Supreme Court Concludes that the ADEA Does Not Prohibit Reverse Age Discrimination
It came as a great surprise and disappointment to the employer community when, in July 2002, the United States Court of Appeals for the Sixth Circuit held that the federal Age Discrimination in Employment Act (the "ADEA") prohibits not only discrimination against older workers in favor of younger ones, but also "reverse" age discrimination - that is, discrimination against younger workers in favor of older ones. In Cline v. General Dynamics Land Systems, Inc., 296 F.3d 466 (6th Cir. 2002), the Sixth Circuit held that an employer had violated the ADEA by agreeing with a union to eliminate the employer's obligation to provide retiree health benefits for then-current employees under the age of 50 upon their subsequent retirement, but not for employees who were then older than 50.
Employers can now breathe a sigh of relief, because the United States Supreme Court has reversed the Sixth Circuit in a 6-3 decision. See General Dynamics Land Systems, Inc. v. Cline, 540
The question revolved around what it means to discriminate on the basis of "age." Since race discrimination includes discrimination against white workers because of their race, see McDonald v. Santa Fe Trail Transp. Co., 427 U.S. 273 (1976) (Title VII prohibits discriminating against whites in favor of racial minorities), and since sex discrimination includes discrimination against men because of their sex, see Oncale v. Sundowner Offshore Services, Inc., 523 U.S. 75 (1998) (Title VII prohibits harassment of men, by men, because they are male), it is not entirely implausible to think that discrimination because of age could include discrimination because of relatively younger age as well as discrimination because of relatively older age. After all, as the Court observed, the statutory "reference to 'age' carries no express modifier and the word could be read to look two ways." Slip op. at 3 (emphasis added).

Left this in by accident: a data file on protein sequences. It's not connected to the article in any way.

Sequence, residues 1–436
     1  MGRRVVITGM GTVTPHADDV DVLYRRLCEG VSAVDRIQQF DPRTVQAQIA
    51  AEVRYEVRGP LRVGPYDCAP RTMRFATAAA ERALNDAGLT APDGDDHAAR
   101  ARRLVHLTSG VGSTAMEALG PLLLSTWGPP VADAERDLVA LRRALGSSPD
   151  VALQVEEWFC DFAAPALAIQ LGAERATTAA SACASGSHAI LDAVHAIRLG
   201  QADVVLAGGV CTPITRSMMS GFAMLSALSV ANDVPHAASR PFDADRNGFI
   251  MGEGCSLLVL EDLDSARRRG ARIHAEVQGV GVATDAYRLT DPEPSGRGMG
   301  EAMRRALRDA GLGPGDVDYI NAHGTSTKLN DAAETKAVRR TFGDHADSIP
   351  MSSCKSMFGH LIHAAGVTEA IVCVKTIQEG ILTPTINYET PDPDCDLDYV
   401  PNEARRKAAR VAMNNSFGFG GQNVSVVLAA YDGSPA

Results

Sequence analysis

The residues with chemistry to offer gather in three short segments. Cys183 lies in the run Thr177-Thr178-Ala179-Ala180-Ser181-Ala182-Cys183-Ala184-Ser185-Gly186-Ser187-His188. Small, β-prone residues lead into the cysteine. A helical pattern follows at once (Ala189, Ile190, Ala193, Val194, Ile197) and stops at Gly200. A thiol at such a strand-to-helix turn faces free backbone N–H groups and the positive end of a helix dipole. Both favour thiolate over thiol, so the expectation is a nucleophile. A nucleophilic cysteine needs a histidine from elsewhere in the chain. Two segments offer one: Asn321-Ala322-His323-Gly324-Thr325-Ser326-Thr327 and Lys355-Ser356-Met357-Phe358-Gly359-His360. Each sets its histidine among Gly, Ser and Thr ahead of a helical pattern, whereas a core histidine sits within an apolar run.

The Court addressed this problem of statutory construction, as it often does, by reviewing the process by which the ADEA became law, including the testimony before the congressional committees that considered the bill, the committee reports that approved it, and the subsequent congressional debates. Virtually all of this legislative history referred to problems that older workers experienced because of negative stereotypes directed at older workers and the ways that society and employers favor youth and younger employees. The Court also noted that if the statute was supposed to protect the younger worker from discrimination in favor of the older one, it is unlikely that the statute would have limited its protections to those who are age forty and above.
Justices Scalia, Thomas, and Kennedy dissented, pointing to an EEOC regulation which provides, in pertinent part, that "if two people apply for the same position, and one is 42 and the other is 52, the employer may not lawfullly turn down either one on the basis of age, but must make such decision on the basis of some other factor." 29 C.F.R. § 1625.2(a) (2003). Justice Scalia's dissent argued that the Court should have accorded deference to this EEOC regulation.
Nonetheless, the majority concluded that "age discrimination" under the ADEA means discrimination against older workers. A contrary holding would have wreaked havoc with employee benefit plans and many other employer practices that tend to favor older and longer-tenured employees. In sum, General Dynamics Land Systems, Inc. v. Cline is significant not for what it does -- for it really signals no change in ADEA law as most employers have understood and applied it -- but rather for the mischief that would have ensued had the Court gone the other way and ruled that it is just as unlawful to favor older employees as younger ones.